- Naturally purified (without the use of harsh chemicals)
- CERES or USDA-certified
By the way, for those of you who want it, many brands offer beeswax that is honey-scented, as well as unscented plain beeswax.
Construction and Design
As we have already discussed, beeswax comes in different shapes and weights, yellow or white colors and at various levels of purity, depending on how it’s filtered. Now it’s time to take a closer look at what impact these option have for you and your projects.
You generally have three shapes to choose from: pellets, blocks or bars. Pellets melt easier and at lower temperatures, while blocks take longer but may be better suited to large projects. It’s also usually easier to purchase mass quantities in block form, although some manufacturers offer large quantities of pellets are competitive prices.
The yellow or white color of beeswax just depends on how it’s refined. Most beeswax comes in its natural state – yellow – but some people prefers white beeswax, especially if they want to add a vibrant pigment to it. If you’re considering white beeswax, find out how it’s refined. Some companies use bleach and other chemicals, while others use a natural process. Naturally processed white beeswax may cost more on average, but it’s also purer.
A lot of people use beeswax for holistic purposes, so purity is important to them. If this applies to you, look for products that are 100% pure beeswax. Some contain additives such as essential oils and scents, which could be ideal if you’re making lotions or moisturizing personal care products. Or you may prefer to add them yourself so that you have complete control of how much and what kind.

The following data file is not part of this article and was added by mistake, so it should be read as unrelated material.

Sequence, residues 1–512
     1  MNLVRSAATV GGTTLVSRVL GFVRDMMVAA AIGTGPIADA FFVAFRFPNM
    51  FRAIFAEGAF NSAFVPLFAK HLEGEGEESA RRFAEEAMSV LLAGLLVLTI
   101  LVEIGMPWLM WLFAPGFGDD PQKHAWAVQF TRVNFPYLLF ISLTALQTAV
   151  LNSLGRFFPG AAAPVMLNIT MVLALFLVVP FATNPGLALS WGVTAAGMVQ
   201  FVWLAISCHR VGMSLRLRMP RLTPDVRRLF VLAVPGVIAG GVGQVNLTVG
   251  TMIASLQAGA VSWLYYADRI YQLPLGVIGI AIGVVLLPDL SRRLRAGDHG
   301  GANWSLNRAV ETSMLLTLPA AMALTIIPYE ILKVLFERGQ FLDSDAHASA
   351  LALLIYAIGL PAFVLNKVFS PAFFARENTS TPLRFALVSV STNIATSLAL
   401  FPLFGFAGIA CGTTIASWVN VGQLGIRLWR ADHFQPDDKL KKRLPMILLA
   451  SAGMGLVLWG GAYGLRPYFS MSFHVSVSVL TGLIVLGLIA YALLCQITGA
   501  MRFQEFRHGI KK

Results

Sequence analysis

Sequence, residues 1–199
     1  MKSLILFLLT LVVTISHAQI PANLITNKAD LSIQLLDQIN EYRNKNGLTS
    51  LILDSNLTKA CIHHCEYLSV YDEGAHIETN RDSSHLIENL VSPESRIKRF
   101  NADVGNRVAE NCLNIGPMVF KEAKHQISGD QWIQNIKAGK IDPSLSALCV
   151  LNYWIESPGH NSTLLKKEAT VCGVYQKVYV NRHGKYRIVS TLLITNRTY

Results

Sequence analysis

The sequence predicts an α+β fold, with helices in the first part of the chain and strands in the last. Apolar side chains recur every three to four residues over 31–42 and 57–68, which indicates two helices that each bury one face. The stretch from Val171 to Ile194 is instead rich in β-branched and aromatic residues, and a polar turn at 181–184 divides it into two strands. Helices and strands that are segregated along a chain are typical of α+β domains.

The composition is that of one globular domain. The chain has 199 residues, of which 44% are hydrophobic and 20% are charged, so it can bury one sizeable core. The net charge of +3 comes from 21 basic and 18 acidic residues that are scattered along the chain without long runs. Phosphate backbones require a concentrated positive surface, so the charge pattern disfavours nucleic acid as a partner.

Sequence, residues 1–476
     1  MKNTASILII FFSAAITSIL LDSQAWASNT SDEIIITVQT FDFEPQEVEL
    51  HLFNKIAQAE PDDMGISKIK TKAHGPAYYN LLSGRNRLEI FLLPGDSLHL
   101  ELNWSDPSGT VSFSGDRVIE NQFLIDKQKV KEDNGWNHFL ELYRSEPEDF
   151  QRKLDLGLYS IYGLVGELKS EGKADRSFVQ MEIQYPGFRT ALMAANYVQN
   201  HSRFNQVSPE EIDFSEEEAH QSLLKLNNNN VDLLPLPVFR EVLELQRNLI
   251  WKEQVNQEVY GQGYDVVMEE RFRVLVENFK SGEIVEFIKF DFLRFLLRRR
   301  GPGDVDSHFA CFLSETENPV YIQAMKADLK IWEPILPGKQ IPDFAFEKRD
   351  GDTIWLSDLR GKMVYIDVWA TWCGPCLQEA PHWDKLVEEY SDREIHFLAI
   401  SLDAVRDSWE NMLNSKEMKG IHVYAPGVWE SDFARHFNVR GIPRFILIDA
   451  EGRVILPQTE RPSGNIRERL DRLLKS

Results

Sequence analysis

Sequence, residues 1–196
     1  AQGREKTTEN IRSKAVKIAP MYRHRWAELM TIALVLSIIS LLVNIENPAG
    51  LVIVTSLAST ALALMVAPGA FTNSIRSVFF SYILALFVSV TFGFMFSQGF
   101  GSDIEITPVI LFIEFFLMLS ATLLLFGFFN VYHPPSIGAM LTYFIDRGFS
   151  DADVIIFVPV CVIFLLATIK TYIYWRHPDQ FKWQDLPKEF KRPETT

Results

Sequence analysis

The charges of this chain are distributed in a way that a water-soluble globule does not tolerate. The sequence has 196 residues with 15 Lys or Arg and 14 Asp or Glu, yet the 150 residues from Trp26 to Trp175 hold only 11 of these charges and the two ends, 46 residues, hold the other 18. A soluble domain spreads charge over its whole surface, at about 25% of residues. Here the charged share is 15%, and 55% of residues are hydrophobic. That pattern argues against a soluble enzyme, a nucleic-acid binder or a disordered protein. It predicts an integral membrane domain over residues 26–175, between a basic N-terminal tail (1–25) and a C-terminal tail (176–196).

One important thing to note is that beeswax doesn’t naturally smell like honey. Beeswax naturally has a waxy, earthy smell. Some people really appreciate the natural scent of beeswax, but it’s not uncommon for someone to be put off because they expect it to smell like honey. You can purchase honey-scented beeswax, so if that’s important to you, look for that feature. Just remember, to achieve that scent, the manufacturer must include an additive.
Performance and Ease of Use
Beeswax is a versatile product that can be used in dozens of applications. Some of the leading uses include candlemaking, soapmaking, lotions and cosmetics. If you’re making candles for fun and just want to make a couple, or if you’re making lip balms or small products, you probably want to purchase beeswax pellets. They melt easily and at a low temperature, ideal for small-scale projects.
Another factor that may affect how easily beeswax melts is how pure it is. 100% pure beeswax should melt pretty easily. Additives such as essential oils and chemicals can influence how beeswax melts, either speeding up the process and increasing the risk of scorching, slowing the melting process or resulting in clumps.
Ultimately the “best beeswax” for you will depend upon your personal preferences, your budget and most importantly, the project or use that you have planned. You can choose from bars, blocks and pellets and yellow or white beeswax, depending upon your needs. For example, if you want to make 100 purple candles, you should probably purchase white beeswax in blocks or bars. If you’re going to use beeswax for beauty products, you absolutely need to make sure that you are purchasing cosmetic grade beeswax. Let’s take a look at some our top picks and see what they have to offer.
We have no doubt that your next beeswax project will be a success if you use any of the products we’ve reviewed here. Don’t forget to send us a sample! And remember, if the product we chose to feature isn’t the right match for you, take a look at the other quality beeswaxes that these reputable brands have to offer.